business news in context, analysis with attitude

I got a great email earlier this week from MNB user Scott Paulsen, who forwarded us an article written about the Pittsburgh Steelers and the “brand loyalty” that the team inspires in good years and bad. He wrote:

Why do Steeler fans live and die with their team? I think that it is an interesting study that carries many parallels to operating a successful business. It begins with ownership. Look at how the Rooney family has run the franchise since it began back in the thirties. Consider that they have had TWO head coaches since 1969. It is about treating employees fairly and consistently. After Hines Ward ended a lengthy holdout and signed a long term contract this past summer, Hines actually said that he got more than he expected from the Steelers. Management replied that they were thrilled that Hines would remain a Steeler for the rest of his career. It is about serving your customers with distinction: Four Super Bowl trophies. And integrity: How many times do you recall a Steeler being in the headlines for breaking the law?

It is an excellent point. I go to a lot of conferences and listen to presentations and discussions about so-called “hot topics” such as category management or loyalty marketing or efficient consumer response. But so often, these seem to be topics that are driven not so much by what the customer wants and needs, but what some consultant deemed to be saleable. That’s not to condemn all consultants, nor all industry initiatives.

But the problem is that basic common sense sometimes ends up taking a back seat.

I was heartened by this week’s presentation at the FMI Midwinter meetings about defining and identifying great store managers, and getting them to take ownership of their stores, their employees and their customers. But one MNB user made an excellent point – that this was precisely what a lot of store managers did until they began to suffer the bureaucratic demands of companies that understood spread sheets better than they did shoppers. And it will be a major undertaking to try and reverse this cultural shift.

Anything’s possible, though. After all, how many people thought that the Steelers would go to the Super Bowl this year?

By the way, at the risk of alienating a percentage of the MNB community, I must admit that I will be rooting for the Seattle Seahawks next weekend – the Pacific Northwest being my favorite part of the country.

But I have to admit that it will take a major miracle for the Seahawks to beat the Steelers…who simply seem like they are on a mission and will not be denied.

When I hear the initials “CW,” I generally think of the words “conventional wisdom.”

Which is why it was surprising to see this week that when two mediocre television networks – the WB and UPN – decided to merge, they chose to call the new entity “CW.”

If they really want to be competitive, can they afford to be conventional, or have anyone else think that they are conventional? I think not.

Then again, maybe it is just truth in advertising.

I like to watch old movies, especially to catch up on classics that I may not have seen. This week, I watched “Laura” (1944), the old Otto Preminger movie about the murder of a woman and the detective who becomes obsessed with her even while investigating her death. “Laura” is usually held in high esteem…but I found it utterly boring, mostly because of the lethargic performance of Dana Andrews as the detective. Gene Tierney was fine as the title character, as was Clifton Webb as Waldo Lydecker, a snobbish radio commentator with an unrequited love all his own. But the movie was a major disappointment, and left me wondering why it has garnered such acclaim over the years.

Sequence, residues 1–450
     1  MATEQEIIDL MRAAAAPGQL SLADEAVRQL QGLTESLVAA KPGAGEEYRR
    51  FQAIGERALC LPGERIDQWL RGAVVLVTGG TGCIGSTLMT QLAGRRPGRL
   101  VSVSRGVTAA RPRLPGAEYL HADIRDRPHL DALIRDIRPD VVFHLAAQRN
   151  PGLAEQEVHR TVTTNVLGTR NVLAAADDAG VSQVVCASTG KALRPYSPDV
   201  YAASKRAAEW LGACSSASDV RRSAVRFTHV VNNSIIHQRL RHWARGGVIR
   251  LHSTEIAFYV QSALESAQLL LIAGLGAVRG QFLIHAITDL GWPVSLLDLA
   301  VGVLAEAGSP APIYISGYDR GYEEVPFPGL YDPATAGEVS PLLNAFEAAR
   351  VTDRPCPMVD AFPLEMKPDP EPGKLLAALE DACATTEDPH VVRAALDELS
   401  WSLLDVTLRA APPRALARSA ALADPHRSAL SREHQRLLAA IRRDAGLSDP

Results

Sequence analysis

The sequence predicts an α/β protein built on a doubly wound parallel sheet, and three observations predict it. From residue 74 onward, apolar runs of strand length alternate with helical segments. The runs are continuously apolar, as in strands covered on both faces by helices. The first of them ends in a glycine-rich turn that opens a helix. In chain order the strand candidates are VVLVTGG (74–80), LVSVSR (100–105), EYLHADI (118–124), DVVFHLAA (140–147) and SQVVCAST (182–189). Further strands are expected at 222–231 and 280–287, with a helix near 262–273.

It hasn’t improved with age, by the way, but I’m still going to miss “The West Wing” when it goes off the air.

Next time you’re in Scottsdale, Arizona, make your way to a restaurant called Cowboy Ciao! for the Stetson Chopped Salad (one of the best I’ve ever tasted) – the menu lists it as being “smoked salmon, arugula, bruschetta tomatoes, sweet dried corn, pearl cous cous, Ciao trail mix (asiago cheese, black currants, pepitas) tossed at the table with pesto buttermilk dressing. Yumm…. I also had the beet-and-scallop risotto, served with dill cream sauce and goat cheese, despite the fact that I hate beets and haven’t had them in four decades – and go figure, I liked it. And I shared a couple of smaller plates that were unbelievably good – a Chicken Pot Pie Quesadilla (which is exactly what it sounds like) and a Blue Corn Elk Tostada, which consists of molasses-marinated cornmeal-dusted elk loin, white bean hummus and roasted corn salsa.

Washed it down with a wonderful beer I’d never had before - a smoky and satisfying Kilt Lifter Scottish-Style Ale from the local Four Peaks Brewing Company. (I wasn’t wearing a kilt, so I can’t report on whether or not it works.)

As always, don’t tell Mrs. Content Guy. She thinks I’m working.

As I write this I am about a third of the way through this portion of what I’m beginning to think of as the “Don’t Fight Fire With Fire” 2006 Tour – three weeks, two continents, six cities, four speeches, no groupies. (Maybe I need to get t-shirts made up…)

This weekend I’ll be visiting the vineyards of Temecula, California…and plan to report back next week. Then, it is on to San Diego for FMI’s Marketechnics, and then Paris, France, for the CIES Food Safety Conference.

All reasons that I never, ever complain about my life.

Have a good weekend…I’ll see you Monday.


KC's View: